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Jared Hamilton
From: Jared Hamilton
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Aimi Gundersen

Aimi Gundersen Project Manager

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Are 11 pm Shoppers Serious Customers?

How long does it take you to respond to an internet lead? An hour? Two? Ten?


I am in the market for a new vehicle and have been shopping around to my local dealers. I put in a lead at 3 pm (a prime time to submit leads) and I am penning this article at 10 pm.


Still no response to that lead.


And I really wanted someone to contact me. I guess I am moving on to the next dealership.

If you think this scenario has not happened to you, you either have an amazing internet process in place or are in denial.

I have written previously about the many (and I mean many) researched articles which have studied the viability of internet leads. These studies were lengthy (some up to three years) and analyzed/quantified large amounts of data. From the Harvard Business Review to The Lead Response Management Study, they have all concluded the same results.

10 minutes

That is the amount of time in which you need to respond to a lead.  


10 minutes to pen an amazing email or call a customer. That is what you have. After 30 minutes, the viability of making contact with the potential customer decreases 21%. After an hour, the likelihood drops significantly to almost the same percentage as a cold call (Lead Response Management Study).

That is fine during the day. That should be more than attainable. Regardless if you have a BDC in place, or an internet team, or if the salespeople are taking turns answering the leads--10 minutes should not be an issue during normal business hours. After all, an internet lead should be no different than a person walking into the showroom, right? You would never imagine making a person wait that long to be greeted.

But what about your after-hour leads?

When you close your doors and turn off the lights to the dealership, what is your first hello to those leads that come in at 9, 10, or 11 pm? There is a dangerous school of thought which deems late night internet leads as nuisances. Kids on the computer. People bored at night, but not really serious.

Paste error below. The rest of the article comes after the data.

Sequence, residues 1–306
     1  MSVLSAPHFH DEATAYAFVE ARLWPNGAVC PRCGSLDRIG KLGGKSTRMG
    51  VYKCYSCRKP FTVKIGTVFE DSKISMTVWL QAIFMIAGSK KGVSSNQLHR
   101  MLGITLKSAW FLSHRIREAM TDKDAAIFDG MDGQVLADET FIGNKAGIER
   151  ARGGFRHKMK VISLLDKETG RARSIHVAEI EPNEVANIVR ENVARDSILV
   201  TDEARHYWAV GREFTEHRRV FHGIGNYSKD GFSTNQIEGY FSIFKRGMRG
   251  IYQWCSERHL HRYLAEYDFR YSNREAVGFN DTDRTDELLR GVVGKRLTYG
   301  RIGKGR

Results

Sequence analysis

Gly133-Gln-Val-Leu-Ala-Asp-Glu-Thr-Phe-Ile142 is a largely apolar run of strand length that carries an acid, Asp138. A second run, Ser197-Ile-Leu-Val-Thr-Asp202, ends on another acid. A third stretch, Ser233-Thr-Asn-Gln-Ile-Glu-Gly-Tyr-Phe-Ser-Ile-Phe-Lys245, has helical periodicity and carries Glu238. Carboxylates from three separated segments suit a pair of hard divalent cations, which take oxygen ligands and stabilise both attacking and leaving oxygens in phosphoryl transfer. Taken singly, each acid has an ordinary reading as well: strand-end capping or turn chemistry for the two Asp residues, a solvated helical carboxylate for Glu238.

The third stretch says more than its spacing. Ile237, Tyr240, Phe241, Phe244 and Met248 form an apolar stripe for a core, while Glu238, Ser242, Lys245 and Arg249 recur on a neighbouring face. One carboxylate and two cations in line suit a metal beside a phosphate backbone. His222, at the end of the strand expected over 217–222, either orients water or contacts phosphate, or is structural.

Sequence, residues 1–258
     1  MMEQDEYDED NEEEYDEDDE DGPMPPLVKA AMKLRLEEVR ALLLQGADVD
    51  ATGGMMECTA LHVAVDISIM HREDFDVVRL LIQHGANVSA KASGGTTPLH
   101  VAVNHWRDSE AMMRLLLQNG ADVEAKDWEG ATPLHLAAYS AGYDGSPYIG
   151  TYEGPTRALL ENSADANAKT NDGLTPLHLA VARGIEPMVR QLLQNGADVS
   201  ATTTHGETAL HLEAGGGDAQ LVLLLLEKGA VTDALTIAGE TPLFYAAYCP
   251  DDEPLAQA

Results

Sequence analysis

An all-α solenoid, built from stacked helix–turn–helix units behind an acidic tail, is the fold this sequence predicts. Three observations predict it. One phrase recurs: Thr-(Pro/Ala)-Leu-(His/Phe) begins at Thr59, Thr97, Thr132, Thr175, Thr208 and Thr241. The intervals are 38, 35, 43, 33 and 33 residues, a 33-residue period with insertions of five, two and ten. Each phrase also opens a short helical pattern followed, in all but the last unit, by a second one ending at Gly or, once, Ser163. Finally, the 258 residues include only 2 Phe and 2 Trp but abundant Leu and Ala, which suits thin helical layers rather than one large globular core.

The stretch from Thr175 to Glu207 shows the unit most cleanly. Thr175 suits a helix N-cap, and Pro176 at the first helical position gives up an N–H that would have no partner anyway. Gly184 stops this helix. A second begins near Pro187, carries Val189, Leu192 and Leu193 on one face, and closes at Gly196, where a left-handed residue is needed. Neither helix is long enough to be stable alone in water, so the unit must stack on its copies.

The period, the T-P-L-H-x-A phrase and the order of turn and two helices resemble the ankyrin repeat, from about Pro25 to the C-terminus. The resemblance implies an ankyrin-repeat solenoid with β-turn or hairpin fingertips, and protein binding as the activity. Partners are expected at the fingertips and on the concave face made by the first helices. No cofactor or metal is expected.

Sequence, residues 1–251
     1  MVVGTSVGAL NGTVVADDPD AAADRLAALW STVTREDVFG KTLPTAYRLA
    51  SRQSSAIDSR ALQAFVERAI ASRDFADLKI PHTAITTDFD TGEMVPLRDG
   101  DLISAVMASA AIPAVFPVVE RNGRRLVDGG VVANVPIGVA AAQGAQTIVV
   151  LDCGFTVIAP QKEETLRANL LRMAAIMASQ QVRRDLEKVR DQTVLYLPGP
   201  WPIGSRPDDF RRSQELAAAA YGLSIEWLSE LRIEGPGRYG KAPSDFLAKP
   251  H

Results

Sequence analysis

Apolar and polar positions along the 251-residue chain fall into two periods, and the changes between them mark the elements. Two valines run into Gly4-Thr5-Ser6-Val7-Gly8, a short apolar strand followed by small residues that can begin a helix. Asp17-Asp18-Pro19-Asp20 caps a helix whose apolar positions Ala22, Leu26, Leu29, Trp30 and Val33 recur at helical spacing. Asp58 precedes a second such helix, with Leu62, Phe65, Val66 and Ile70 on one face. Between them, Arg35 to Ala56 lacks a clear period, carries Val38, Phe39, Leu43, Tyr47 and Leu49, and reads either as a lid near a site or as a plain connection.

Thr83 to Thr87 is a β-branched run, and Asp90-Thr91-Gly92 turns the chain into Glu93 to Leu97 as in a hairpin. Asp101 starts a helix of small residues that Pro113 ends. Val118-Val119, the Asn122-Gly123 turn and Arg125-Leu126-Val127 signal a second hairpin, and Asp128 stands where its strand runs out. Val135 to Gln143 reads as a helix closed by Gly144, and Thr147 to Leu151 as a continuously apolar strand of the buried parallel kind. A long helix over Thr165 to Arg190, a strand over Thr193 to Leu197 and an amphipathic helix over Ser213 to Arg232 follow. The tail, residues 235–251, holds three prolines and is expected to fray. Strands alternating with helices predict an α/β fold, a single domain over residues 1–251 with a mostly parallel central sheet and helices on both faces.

But we know, and the industry knows, that internet research is not going away. The average car buyer is looking at multiple sources (18.2 ring a bell?) online before he ever steps foot on lot. And by that point, he has by all indication, made his decision.

So when is he shopping? He is shopping after work. After things have settled down and he has time to take a moment for himself. The internet is your digital showroom, and it is open 24 hours a day. We need to treat is as such so we don’t lose valuable customers.

We also know from our research that about 30% of all leads come in after-hours. 30% of your potential business is submitting leads when your doors and closed and your lights are off.

If you respond with an autoresponder--turn it off. The customer knows you are not working at 1 am. No need to tell him/her with an automated e-mail. Automotive News highlighted this notion in a January article which detailed how autoresponders actually hurt the sales process, opposite of what was previously thought.

You need to respect that online customer just as you would the customer who walks into the dealership at 3 pm. The only difference is that one finally had a moment to look online after hours. Are you missing out on 30% of your business? The dealerships across town may not be….

That reminds me, I need to keep looking for my new car.


Adam Ross
Great article and great points, Aimi. The only thing I would dispute here is the notion that people have made their decision prior to visiting the showroom. "The average car buyer is looking at multiple sources (18.2 ring a bell?) online before he ever steps foot on lot. And by that point, he has by all indication, made his decision." The only decision they really made was to visit that particular dealership to see if they have the combination of price and availability that satisfies that specific customer. And if they like the salesperson, bonus, but many people have purchased a vehicle despite not being thrilled with the salesperson - so I don't even consider that a determining factor 100% of the time. There are so many other factors that can alter that decision. Maybe they visit the dealership and they don't like the person or the process or the vehicle itself. (me, money, machine) An auto-responder advising that the store is closed COULD be useless, if there is no why-buy-here or special coupon also included. After-hours auto-responders which also provide a price can be quite useful to the shopper. Thanks for making me think about it more deeply this morning!
Aimi Gundersen
Adam-- I am all about jumping right in on a Friday morning! I do agree with the fact that there are so many variables in purchasing a car. Ultimately, the consumer has the majority of the information at his/her fingertips. I think that salespeople play a larger role than given credit for, but I also believe that relationships sell. That is my personal opinion, though. Purchasing anything has changed so much in the past ten years. Trying to keep up with the changing market is a job in itself!

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